COMMISSIONER OF INCOME TAX Vs. INDIAN TRANSFORMERS LTD.
HIGH COURT OF KERALA
COMMISSIONER OF INCOME TAX
Indian Transformers Ltd.
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G. Sivarajan, J. -
(1.) THE Commissioner of Income Tax (Appeals) has filed these three appeals against the separate orders of the Income Tax Appellate Tribunal, Cochin Bench (for short "the Tribunal"), in the case of the same respondent -assessee for different assessment years 1991 -92, 1992 -93 and 1993 -94, respectively. Since the question involved in all the three cases is one and the same, these appeals are disposed of by this common judgment.
(2.) THE matter arises under the Income Tax Act, 1961 (for short "the Act"), in respect of a claim made by the respondent -assessee under section 37 of the Act. The respondent -assessee is a company engaged in the business of manufacture and sale of electrical transformers. In the assessment for the years 1991 -92, 1992 -93 and 1993 -94, the assessee claimed deduction of Rs. 3,50,000/ -, Rs. 4,01,000/ - and Rs. 4,78,000/ -, respectively, representing provision for after sales services based on the warranty issued at the time of sale of the transformers. The Assessing Officer disallowed the claim and added back the provision mainly on the ground that the provision is made in respect of a contingent liability and not in respect of a definite and ascertained liability. However, the said claim was allowed by the first appellate authority in appeal. The same was confirmed by the Tribunal in the appeal filed by the Revenue. Being aggrieved by the order of the Tribunal on this issue, the Department has come up in appeal. This court, while admitting the appeals, ordered notice on the following questions of law :
"(1) Whether, on the facts and in the circumstances of the case also in the light of the decisions reported in A. P. S. Cold Storage and Ice Factory v. : 119ITR709(All) and CIT v. , the assessee is entitled to claim deduction of the provisions made towards repairs of transformers ?
(2) Whether, on the facts and in the circumstances of the case, (i) in the absence of an ascertained liability, (ii) the provision being only on an estimate without any basis, the Tribunal is right in law and fact in allowing the deductions of the provision towards repairs of transformers ?
(3) Whether, on the facts and in the circumstances of the case, the Tribunal is right in law in affirming the finding of the Commissioner of Income Tax (Appeals) that the provision was towards an ascertained liability only -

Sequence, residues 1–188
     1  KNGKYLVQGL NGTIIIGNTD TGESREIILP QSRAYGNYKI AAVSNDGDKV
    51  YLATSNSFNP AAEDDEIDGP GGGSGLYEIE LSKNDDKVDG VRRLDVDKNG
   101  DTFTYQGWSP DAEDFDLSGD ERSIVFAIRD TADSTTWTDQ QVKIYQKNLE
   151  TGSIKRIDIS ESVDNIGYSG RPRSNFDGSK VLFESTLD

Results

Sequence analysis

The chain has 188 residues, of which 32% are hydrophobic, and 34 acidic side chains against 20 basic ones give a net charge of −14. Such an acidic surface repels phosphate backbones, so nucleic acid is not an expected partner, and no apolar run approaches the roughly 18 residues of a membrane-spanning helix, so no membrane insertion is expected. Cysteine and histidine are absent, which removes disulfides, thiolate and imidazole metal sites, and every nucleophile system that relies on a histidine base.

Shri George K. George, the learned Central Government standing counsel for taxes appearing for the appellant, submitted that the provision made by the respondent -assessee for after sales services based on the warranty issued to the customers at the time of sale of transformers is only a contingent liability. Standing counsel further submitted that the liability will accrue or arise only on a claim being made by the purchasers of transformers during the accounting period relevant to the assessment years concerned and that in the instant case at the most the claims are preferred by the purchasers only in respect of two amounts which are mentioned by the first appellate authority in its order. Standing counsel further submitted that both the appellate authorities had seriously erred in holding that the respondent -assessee had made a provision for after sales services based on definite and ascertained liability. Standing counsel in support of his contentions has also relied on the decisions of the Supreme Court in Indian Molasses Co. P. Ltd. v. : 37ITR66(SC) and in Shree Sajjan Mills Ltd. v. : 1986ECR276(SC) .
(3.) SHRI Sarangan, learned senior counsel appearing along with Shri S. Ananthakrishnan for the respondent, submitted that the assessee had made the provision for after sales services based on the warranty issued to the customers in the accounting period during which the sales of transformers were effected to the customers from its experience and on a reasonable basis which is a permissible deduction. Senior counsel took us to the order of the Commissioner of Income Tax (Appeals) where the said authority has noted the submission of the authorised representative of the appellant that the claims made towards repairs and after sales service charges during the warranty period were being allowed year after year and that the first appellate authority has clearly noted that in the case of MES, Goa, the appellant had made a provision for Rs. 42,000/ - towards replacement of HF/LV coils and leak repeated failure of the transformers and had obtained excise permission for warranty and that in the case of BHEL a provision for Rs. 90,000/ - has been made based on the claim made by them during the previous year. Senior counsel further pointed out that the BHEL had sent a letter dated October 20, 1990, to the appellant wherein it was mentioned that they had purchased ten numbers of OFW 2.75 MVA transformers from one of the GEC subsidiaries of M/s. ITL, Cochin, that all of them failed within a year of operation which resulted in serious dislocation at Rourkela which was brought to the notice of the chairman, GEC also. Senior counsel further submitted that the authorised representative of the assessee had furnished the details of the actual expenditure incurred for the current years which were very much higher than the provision made which had been debited in the account for the subsequent year. The senior counsel also submitted that the authorised representative had explained that the sum of Rs. 12,23,381/ - brought back to the accounts did not relate to any provision for warranty claim. Senior counsel submitted that both the appellate authorities have clearly entered a finding of fact after verifying the facts as noted in paragraph 9 of the Tribunal's order that the provision made is in respect of a definite and ascertained liability. Senior counsel further submitted that before the appellate authority, the assessee had relied on the decision of the Supreme Court in Calcutta Co. Ltd. v. : 37ITR1(SC) . Senior counsel also relied on the decision of the Privy Council in Commissioner of Inland Revenue v. Mitsubishi Motors New Zealand Ltd.,  3 WLR 671;,  222 ITR 697 and the decision of the Supreme Court in Bharat Earth Movers v. : 245ITR428(SC) which had applied the principles laid down in Calcutta Co. ltd.'s case : 37ITR1(SC) in support of his contentions.;